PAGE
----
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Young and Hungry 

Armageddon Time and Bones and All

click to enlarge It's keto, babe.

Bones and All

It's keto, babe.

ARMAGEDDON TIME. James Gray does not live in the popular consciousness the way many of our cinematic luminaries — themselves refugees from an ongoing extinction-level event — do. This is likely as much due to geographical bias within the industry as to Gray's refusal to cater to the whims of that industry, transitory culture or, most pointedly, the audience. It could also be that his filmography — Little Odessa, 1994; The Yards, 2000; We Own the Night (2007); Two Lovers (2008); The Immigrant (2013); The Lost City of Z (2016); Ad Astra (2019) — enumerated here in full to demonstrate the depth and breadth of his career, doesn't cater to casual viewing.

Despite the presence of movie stars in literally all of his movies, most of them remain largely unseen, not pairing particularly well with popcorn and Dots. Like some of his contemporaries, he is an artist removed from his time. Unlike the better known, he doesn't make comedies. Nor does he seem to enjoy fun. This does nothing to undermine the enduring quality of his work. People love Marvel movies, after all, and I find most of those to be no fun at all. Furthermore, Gray has proven himself (I'm thinking particularly of We Own the Night and Ad Astra) a masterful conceiver of action sequences, rendered all the more forceful for their contrast to the contemplative, measured pace of the works within which they are so strategically situated.

As I am obviously a fan, I don't feel any compunction to defend Gray as an artist, or to suggest he should be more popular (often antithetical to true artistic value). Rather, I can see why he exists outside the increasingly homogenous bubble of popular media. His stuff isn't usually joyful or lighthearted, which is one of the great, perhaps misleading surprises of Armageddon Time.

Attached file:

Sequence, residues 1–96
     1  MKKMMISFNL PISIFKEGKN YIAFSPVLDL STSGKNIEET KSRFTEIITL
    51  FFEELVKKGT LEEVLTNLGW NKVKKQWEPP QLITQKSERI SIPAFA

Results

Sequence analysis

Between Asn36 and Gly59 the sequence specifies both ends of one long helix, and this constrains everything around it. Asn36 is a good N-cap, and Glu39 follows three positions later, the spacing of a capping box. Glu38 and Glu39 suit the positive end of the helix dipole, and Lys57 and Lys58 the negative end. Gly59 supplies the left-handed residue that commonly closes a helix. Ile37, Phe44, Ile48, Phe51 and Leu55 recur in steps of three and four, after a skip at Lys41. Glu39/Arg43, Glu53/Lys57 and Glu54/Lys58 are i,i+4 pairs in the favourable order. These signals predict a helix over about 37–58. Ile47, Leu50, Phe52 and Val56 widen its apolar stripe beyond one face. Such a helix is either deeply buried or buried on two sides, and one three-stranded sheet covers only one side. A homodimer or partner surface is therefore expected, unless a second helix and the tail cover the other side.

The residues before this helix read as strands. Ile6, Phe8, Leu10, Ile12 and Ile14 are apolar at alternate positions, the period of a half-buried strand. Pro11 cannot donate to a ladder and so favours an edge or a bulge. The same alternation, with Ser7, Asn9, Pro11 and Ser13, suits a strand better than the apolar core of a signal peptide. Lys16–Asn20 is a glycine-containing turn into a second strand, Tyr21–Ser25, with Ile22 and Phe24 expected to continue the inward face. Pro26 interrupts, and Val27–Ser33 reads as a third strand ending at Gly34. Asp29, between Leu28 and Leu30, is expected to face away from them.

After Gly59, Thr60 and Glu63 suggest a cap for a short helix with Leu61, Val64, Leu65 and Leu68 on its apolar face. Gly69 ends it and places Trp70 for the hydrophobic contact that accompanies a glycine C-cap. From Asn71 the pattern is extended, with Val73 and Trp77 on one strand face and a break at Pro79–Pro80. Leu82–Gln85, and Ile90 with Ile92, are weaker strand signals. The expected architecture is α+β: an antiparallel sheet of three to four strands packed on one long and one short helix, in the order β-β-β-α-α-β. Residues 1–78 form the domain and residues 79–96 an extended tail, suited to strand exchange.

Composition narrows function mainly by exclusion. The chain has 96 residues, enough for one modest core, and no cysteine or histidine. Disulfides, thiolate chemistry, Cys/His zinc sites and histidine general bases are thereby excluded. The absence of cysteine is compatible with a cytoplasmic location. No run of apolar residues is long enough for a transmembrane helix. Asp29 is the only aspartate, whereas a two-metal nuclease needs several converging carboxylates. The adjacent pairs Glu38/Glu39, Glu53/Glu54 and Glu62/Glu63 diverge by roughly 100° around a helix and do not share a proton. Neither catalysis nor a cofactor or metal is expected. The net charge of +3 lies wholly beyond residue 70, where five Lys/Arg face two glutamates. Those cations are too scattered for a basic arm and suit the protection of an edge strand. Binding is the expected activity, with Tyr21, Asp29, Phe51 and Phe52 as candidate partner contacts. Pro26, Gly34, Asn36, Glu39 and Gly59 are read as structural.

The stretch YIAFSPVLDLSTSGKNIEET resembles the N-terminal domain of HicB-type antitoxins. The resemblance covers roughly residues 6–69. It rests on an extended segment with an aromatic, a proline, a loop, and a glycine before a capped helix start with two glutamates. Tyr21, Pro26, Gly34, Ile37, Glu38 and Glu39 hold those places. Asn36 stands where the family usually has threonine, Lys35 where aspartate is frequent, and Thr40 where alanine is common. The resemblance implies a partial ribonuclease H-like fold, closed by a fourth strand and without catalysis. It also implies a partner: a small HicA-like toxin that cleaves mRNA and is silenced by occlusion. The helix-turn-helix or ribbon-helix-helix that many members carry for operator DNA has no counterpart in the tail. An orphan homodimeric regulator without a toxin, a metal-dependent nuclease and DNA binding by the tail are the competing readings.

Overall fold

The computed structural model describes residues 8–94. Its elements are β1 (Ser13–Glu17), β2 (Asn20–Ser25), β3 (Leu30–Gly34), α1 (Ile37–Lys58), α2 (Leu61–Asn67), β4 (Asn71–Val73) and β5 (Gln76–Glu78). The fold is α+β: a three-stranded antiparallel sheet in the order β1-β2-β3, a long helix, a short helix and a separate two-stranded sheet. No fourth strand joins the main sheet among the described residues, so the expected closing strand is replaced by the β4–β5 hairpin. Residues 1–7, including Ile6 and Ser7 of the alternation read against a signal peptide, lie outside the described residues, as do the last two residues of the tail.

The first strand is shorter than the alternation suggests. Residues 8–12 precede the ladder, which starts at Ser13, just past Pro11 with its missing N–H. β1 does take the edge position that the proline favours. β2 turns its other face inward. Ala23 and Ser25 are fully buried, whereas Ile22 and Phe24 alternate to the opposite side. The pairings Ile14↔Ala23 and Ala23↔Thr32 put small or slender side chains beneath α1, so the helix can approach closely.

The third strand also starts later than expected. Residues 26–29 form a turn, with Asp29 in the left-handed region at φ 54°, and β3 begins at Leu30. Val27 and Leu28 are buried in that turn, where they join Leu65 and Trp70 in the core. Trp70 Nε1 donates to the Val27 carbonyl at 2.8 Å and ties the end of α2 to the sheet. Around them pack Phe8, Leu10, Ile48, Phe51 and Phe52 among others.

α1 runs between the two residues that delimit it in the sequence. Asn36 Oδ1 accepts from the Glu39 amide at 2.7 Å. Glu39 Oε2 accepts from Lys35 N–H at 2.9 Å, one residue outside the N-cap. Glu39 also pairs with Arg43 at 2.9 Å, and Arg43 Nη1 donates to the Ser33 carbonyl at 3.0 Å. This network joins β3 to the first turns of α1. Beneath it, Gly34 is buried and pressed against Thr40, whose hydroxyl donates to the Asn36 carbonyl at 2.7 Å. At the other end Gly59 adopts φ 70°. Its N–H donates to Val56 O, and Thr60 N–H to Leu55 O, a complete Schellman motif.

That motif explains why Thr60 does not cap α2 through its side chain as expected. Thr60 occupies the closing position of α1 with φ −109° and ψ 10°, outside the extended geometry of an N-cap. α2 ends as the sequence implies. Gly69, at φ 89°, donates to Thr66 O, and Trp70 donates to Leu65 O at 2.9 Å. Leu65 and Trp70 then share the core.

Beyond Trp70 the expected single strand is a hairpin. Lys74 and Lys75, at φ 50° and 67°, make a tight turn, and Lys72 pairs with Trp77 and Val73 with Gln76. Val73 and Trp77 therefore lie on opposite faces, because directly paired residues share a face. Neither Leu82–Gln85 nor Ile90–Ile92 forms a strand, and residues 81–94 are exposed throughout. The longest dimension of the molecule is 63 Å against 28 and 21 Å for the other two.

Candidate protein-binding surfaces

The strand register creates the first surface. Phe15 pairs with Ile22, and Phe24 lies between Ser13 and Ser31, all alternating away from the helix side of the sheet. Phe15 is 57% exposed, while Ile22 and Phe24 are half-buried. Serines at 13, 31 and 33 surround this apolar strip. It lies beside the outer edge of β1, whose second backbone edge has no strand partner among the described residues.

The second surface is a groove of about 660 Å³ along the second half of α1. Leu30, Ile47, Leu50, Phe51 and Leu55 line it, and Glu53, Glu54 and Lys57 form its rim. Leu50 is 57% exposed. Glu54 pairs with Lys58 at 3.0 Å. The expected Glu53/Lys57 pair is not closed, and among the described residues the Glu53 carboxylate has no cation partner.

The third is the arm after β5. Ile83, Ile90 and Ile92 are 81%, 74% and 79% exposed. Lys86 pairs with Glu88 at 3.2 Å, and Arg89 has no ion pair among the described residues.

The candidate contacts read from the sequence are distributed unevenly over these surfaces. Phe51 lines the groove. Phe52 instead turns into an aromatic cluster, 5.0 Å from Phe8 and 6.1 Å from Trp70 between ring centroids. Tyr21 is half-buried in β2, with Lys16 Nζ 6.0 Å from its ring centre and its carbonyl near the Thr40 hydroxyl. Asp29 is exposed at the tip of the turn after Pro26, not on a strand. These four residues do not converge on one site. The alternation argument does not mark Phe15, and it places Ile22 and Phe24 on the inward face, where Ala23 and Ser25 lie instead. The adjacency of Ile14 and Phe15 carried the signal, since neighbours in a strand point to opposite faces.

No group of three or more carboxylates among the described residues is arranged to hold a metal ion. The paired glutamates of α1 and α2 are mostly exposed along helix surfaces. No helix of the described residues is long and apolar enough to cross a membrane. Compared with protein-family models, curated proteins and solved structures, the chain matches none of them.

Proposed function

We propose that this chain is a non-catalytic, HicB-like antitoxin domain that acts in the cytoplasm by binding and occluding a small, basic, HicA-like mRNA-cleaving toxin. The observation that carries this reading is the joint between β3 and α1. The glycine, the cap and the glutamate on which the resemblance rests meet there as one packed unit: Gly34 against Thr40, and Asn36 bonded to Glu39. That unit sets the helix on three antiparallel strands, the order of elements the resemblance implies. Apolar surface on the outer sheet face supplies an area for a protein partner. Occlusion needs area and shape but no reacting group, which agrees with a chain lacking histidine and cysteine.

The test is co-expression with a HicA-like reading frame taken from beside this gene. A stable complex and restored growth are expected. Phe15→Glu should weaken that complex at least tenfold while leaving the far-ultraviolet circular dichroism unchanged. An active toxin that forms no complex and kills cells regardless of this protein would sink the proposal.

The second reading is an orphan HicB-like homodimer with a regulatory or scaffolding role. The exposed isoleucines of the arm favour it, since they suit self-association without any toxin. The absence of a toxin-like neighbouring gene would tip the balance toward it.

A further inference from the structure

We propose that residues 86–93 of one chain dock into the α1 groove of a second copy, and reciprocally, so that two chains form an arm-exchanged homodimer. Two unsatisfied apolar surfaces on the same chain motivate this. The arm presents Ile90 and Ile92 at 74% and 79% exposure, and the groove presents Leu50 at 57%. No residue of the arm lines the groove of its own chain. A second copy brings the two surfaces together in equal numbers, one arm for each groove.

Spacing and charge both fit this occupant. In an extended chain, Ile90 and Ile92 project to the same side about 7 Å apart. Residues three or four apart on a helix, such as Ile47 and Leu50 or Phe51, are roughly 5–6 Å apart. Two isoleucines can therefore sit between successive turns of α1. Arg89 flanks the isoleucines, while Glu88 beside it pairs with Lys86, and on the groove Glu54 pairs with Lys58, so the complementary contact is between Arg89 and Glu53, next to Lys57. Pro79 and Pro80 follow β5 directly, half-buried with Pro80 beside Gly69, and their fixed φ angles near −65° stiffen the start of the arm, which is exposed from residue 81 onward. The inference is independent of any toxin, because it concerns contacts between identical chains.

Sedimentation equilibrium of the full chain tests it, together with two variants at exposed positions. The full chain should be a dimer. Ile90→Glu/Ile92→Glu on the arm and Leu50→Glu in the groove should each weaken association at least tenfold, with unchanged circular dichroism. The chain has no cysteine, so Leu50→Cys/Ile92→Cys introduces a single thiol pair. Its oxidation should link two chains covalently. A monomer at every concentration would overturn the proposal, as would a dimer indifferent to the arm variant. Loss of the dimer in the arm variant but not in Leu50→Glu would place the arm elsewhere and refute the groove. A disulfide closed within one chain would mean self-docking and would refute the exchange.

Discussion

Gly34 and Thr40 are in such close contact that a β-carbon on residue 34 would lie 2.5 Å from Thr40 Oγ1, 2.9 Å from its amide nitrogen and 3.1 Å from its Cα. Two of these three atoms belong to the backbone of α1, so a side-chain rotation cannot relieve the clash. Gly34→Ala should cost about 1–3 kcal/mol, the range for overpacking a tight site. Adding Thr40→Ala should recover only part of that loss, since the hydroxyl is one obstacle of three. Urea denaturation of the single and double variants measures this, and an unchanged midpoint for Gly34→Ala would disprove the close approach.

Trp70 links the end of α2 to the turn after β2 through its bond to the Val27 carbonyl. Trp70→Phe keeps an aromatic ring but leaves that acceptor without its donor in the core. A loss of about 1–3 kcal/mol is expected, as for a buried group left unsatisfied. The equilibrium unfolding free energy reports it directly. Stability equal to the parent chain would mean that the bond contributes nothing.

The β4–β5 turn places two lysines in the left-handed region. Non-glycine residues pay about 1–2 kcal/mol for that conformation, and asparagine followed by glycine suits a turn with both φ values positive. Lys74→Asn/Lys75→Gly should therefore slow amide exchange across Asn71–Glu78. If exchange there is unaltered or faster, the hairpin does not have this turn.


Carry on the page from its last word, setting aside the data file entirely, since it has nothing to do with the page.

Serious Artists often seem to have no connection to childhood, to the simple pleasures that can exist even amid the direst of circumstances. Their work would often have it that the world is all Raskolnikovs, cold rice and rat meat, which is nonsense and also distancing for a large swath of the potential viewership (myself very much not included). From the opening, though, Armageddon Time flouts this convention, presenting what we can only assume is a quasi-autobiographical tale of middle-class life in 1980s Queens.

Our protagonist, Paul Graff (a remarkable Banks Repeta), is the smart-assed son of a plumber, Irving (Jeremy Strong, great as always but maybe trying too hard) and a long-suffering teacher, Esther (Anne Hathaway, just about note-perfect). Paul harbors artistic ambitions and is particularly close to his maternal grandfather Aaron (Anthony Hopkins, making us all want to cry). He gets pushed around by his older brother, doesn't feel particularly compelled by the drudgery of school, and is drawn to the brightness and warmth of classmate Johnny (Jaylin Webb), who has it tougher than anybody else in school but is almost transcendentally good-natured. Almost.

In the early going, Gray is in such intimate conversation with youth — and presumably, his own younger self — that the movie feels almost like the work of another creator (despite the familiar pace and stately compositions of cinematographer Darius Khondji, a frequent collaborator). Whether Paul is an avatar, a surrogate, or whatever, he is very much real and goofy kid: too smart to do the stupid shit he does, not smart enough to understand that yet. And so, when the inevitable darkness begins to descend, it is all the more troubling for its contrast. R. 114M. STREAMING.

BONES AND ALL. First, the proverbial pachyderm in the room: Armie Hammer co-starred with Timothée Chalamet in Luca Guadagnino's adaptation of Call Me by Your Name (2017) and is, allegedly, cannibal who now sells real estate in the Caribbean. I bring this up in part because The Editor has frequently admonished that, in spite of my wish-spinning, cinema does not exist in a vacuum. Also because it is slightly hilarious and creates a fascinating context for Bones and All, which is a road movie about young cannibals in love and adapted by David Kajganich from Camille DeAngelis' young adult novel.

Now, I have so far not seen Guadagnino's take on Suspiria (2019), but the fact alone that he would make it suggests his interest in the horror genre and in defying expectations, which this movie does, to great effect.

Maren (a revelatory Taylor Russell), plagued by a compulsion she cannot understand, finds herself alone with only a little money, a road atlas and her birth certificate. After an enlightening but deeply troubling interaction with Sully (Mark Rylance), she falls in with Lee (Chalamet) and tries to make sense of her place in the world at large and within the largely invisible culture of fellow "eaters."

Bones and All is exquisitely crafted and Michael Stuhlbarg gives one of the all-time great cameo performances. R. 130M. BROADWAY, FORTUNA, MILL CREEK.

John J. Bennett (he/him) is a movie nerd who loves a good car chase.

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For showtimes call: Broadway Cinema (707) 443-3456; Fortuna Theatre (707) 725-2121; Mill Creek Cinema 839-3456; Minor Theatre (707) 822-3456.

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